Image Caption: our future with self-driving cars, according to MidJourney AI
Image Credit: Max Cappuccio and MidJourney
It is predicted that automated vehicles, especially those that automate all human driving tasks, all of the time, in all traffic conditions, will improve road safety and provide a range of other societal benefits. However, there are many significant human, technical, social and other challenges associated with the transition from manually-driven to self-driving vehicles. The presentation will introduce attendees to the world of automated and connected road vehicles. Issues to be discussed include the definition of automated vehicles; reasons for automating vehicles; levels of vehicle automation; automation and the changing role of the human driver; the potential benefits of automation; what’s out there at the moment in the way of automated vehicles; and connectivity between vehicles and other road transport system elements (e.g. vehicles, infrastructure, internet of things) to augment automation. The primary focus of the presentation will be on human factors and ergonomic challenges relevant to successful deployment and commercialisation of vehicles with increasing levels of automation. These include issues of trust, misuse and abuse, sharing of control, skill loss, workload, among others. Some other challenges to be faced in the deployment and commercialisation of highly and fully automated vehicles are also discussed.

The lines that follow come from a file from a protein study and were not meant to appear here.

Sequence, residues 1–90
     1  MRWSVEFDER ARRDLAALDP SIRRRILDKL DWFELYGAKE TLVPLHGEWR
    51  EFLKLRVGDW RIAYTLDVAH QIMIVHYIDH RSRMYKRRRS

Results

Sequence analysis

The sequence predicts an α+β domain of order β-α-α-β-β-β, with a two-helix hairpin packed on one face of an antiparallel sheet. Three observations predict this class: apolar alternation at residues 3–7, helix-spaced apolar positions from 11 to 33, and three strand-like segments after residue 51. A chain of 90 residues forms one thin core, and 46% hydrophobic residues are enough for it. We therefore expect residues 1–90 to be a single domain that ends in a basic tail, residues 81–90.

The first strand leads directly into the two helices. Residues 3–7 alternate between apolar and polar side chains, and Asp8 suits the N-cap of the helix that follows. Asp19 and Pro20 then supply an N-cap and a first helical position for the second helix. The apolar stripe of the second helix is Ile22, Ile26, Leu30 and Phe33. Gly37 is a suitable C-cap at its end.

The Long Road Ahead Seminar Series - Self-driving vehicles will bring capillary and irreversible transformations into the worlds of transportation, logistics and urban design. However, it is now clear that the development of this AI-based technology constitutes a long-term complex challenge: despite some impressive technological achievements and the boastful announcements often made by makers and entrepreneurs, autonomous vehicles are not roaming our roads yet and it is still unclear when they will eventually be mature enough to operate in ‘full’ or ‘semi’ autonomous mode. What is still needed to make this innovation real? What are the problems faced by developers and makers, and do these problems have a communal root? We will tackle these questions with the help of authoritative experts from academia, private sector, and public administration. Our seminar aims to identify and investigate with an integrative and interdisciplinary approach the fundamental problems faced by the sector.
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Meet the speaker:
Professor Michael (Mike) Regan
Professor Michael (Mike) Regan is an Emeritus Professor with the University of NSW Sydney Research Centre for Integrated Transport Innovation (rCITI). His current research interests include driver distraction and inattention, driver interaction with automated vehicles and human factors in road design and traffic engineering. Mike has authored and co-authored around 250 peer-reviewed publications, including 4 books. He was the 25th President of the Human Factors and Ergonomics Society of Australia. In 2019, Mike was awarded Fellowship of the Australasian College of Road Safety for “His outstanding contribution to research, education and policy in transport human factors and road safety”.